Let's break this down. "Everybody is enslaved." This, to me, restates we are focused on freedom, but in this case, we call it enslavement or a determinate not-freedom. So it's just an inverse restatement of the question. "Is there such a thing as freedom or are we enslaved?" (In a way you've sort of created a tautology, where you said "no such thing as freedom...because everybody is enslaved" which means the same as "everybody enslaved because no freedom", but that is why I just see all of this as the question.)

    The real, real content, then, is "enslaved to either ego or conscience."

    I have a real problem refuting this because I would say, I agree that, we are enslaved, thrown in a deterministic world of efficient necessity. I'd rather use different pivots than "ego" or "conscience" and simply say I agree that, because we become what we become, we are enslaved to either this or that. Always in chains, to either this, or that.

    I agree with "we are enslaved to either or."

    However, the "either or" seems to create a place for freedom. Maybe I am not free, and whether I "choose" this or I "choose" that, I am choosing this or that enslavement. But then is there really an "either or" at all? There is not this versus that, when there is either enslavement or enslavement. If instead I carve out a space where "either or" does exist, am I not forced to admit I've created a space for freedom at least?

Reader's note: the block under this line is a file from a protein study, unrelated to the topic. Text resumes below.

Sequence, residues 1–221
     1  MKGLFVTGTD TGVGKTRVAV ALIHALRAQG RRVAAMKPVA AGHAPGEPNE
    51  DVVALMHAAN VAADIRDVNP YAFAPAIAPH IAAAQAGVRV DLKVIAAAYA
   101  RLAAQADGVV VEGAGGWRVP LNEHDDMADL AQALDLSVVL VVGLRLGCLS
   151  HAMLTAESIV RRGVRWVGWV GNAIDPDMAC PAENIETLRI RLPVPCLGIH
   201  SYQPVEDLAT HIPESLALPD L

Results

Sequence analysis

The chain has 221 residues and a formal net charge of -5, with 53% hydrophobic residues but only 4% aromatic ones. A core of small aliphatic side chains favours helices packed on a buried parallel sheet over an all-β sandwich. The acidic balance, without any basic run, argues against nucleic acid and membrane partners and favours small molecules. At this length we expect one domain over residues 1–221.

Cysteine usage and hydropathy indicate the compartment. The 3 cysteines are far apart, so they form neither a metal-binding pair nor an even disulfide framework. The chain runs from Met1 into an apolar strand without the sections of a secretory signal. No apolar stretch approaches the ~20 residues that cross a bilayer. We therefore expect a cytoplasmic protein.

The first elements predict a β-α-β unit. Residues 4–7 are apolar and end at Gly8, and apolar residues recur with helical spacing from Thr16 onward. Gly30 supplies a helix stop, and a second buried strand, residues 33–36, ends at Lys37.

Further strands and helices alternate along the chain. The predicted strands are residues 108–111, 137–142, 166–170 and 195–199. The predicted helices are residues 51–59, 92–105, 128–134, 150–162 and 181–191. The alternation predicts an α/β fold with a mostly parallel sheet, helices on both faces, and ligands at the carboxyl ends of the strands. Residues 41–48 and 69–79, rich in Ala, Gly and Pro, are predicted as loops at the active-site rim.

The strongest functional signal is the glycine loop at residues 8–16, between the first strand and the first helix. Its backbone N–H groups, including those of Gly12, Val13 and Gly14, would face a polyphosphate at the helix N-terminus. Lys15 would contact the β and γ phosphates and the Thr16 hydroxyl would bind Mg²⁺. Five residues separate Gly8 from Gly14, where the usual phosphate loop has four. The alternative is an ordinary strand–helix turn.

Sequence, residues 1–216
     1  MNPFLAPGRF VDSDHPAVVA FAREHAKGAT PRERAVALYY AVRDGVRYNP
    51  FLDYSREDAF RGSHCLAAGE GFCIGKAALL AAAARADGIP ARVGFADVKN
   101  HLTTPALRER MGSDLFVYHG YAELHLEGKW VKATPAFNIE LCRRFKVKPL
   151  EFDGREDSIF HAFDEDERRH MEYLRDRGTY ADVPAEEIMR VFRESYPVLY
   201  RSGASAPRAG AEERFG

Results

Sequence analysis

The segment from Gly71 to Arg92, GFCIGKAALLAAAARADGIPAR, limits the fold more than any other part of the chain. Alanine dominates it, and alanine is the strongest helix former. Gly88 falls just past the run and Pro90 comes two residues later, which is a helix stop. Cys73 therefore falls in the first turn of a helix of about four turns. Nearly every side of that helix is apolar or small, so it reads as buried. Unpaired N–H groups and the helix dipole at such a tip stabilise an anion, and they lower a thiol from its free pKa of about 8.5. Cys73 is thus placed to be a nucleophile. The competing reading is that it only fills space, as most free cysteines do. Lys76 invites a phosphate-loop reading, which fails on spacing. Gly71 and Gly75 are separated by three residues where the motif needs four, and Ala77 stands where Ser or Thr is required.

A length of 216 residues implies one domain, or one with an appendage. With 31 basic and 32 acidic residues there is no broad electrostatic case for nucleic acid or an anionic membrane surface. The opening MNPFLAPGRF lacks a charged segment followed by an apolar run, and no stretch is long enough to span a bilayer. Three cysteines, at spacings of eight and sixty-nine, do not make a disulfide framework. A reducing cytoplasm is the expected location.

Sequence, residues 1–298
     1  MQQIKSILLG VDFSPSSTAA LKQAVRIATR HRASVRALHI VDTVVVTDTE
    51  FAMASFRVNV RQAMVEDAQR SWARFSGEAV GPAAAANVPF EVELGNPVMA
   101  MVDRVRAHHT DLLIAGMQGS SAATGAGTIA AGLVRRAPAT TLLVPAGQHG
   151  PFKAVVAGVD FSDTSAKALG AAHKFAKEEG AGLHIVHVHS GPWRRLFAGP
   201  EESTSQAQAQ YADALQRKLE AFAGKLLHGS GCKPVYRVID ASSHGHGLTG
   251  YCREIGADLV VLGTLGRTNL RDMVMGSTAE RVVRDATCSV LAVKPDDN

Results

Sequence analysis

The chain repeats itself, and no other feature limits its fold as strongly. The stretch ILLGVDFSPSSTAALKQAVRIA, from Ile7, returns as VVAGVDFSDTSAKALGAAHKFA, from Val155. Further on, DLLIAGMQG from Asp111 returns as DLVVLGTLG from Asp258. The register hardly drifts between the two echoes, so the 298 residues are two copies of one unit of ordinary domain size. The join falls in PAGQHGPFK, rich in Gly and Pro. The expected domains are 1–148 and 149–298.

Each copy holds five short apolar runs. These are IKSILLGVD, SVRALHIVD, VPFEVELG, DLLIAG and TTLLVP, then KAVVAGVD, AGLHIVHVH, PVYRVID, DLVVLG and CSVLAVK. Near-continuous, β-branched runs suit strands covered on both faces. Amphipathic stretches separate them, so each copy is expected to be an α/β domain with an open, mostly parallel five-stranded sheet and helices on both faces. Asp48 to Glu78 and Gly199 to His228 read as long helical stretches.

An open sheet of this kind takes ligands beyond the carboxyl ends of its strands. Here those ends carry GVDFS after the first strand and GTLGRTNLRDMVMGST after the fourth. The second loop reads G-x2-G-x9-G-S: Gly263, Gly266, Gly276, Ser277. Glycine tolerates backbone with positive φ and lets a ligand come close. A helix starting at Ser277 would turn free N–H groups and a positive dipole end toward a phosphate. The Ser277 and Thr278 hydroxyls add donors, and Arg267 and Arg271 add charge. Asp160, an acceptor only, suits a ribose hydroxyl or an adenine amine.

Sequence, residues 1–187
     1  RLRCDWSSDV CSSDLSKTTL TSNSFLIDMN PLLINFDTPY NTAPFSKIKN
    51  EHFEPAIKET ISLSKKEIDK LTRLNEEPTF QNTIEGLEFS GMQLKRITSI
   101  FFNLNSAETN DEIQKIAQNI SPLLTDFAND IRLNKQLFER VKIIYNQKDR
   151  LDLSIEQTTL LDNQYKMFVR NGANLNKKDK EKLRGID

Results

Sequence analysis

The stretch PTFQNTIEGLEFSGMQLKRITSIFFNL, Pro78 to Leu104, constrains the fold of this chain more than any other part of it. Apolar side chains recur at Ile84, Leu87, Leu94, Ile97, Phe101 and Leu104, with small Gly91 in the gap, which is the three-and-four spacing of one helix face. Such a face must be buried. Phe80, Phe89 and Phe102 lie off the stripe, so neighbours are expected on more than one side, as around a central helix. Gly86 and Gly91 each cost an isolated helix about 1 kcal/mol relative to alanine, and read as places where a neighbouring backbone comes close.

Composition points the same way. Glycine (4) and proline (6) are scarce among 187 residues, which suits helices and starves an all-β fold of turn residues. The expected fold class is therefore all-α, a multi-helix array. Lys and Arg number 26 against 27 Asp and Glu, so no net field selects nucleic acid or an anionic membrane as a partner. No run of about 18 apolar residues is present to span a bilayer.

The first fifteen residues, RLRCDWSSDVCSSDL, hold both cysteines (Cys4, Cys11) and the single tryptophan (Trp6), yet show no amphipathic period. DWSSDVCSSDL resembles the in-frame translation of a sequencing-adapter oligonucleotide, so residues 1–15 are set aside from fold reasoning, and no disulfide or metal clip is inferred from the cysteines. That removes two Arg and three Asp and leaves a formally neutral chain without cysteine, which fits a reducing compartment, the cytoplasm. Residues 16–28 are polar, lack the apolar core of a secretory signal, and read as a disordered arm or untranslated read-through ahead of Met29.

Freedom is a noun. You made it a thing, and called it freedom. You said, "There is no such thing as freedom." Freedom, the will, a choice - these are stagnant things.

    To see whether "everybody is enslaved" (an act) I think we should look at what is happening (an act) at the moment we think we might be acting freely.

    I look for freedom in an act of consent, consenting to whichever enslavement. We aren't necessarily freely choosing the things we choose, but we can give our consent to the choice anyway, and this consenting is the act of freedom. We are not free, we are free anyway, when we consent to this or that.

    The free act doesn't come from my will. I don't know what a will is. Freedom doesn't exist over there in my closet and sometimes I grab some freedom when I act, sometimes I don't. Freedom is created during the moments I am consenting to whatever else is, be that enslavement or something else. I consent anyway, and thereby am freely acting, (and thereby, I am). This consent creates the consenting subject who is then immediately chained back to its enslavement.

    It might be that moving to a new word, "consent" is just smoke and mirrors. The real either or in this discussion is: am I free to either consent or not consent? And we are really back to square one.

    Here is where the word "consent" is better than simply freedom. It does not matter if you are free or not, you can still create your own consent. This is where freedom might be.

    I think a surfer creates a perfect picture of where I think freedom lies. Picture yourself on a surfboard, riding a wave. You are not free to run, or maybe even sit down. Really you have limited options now.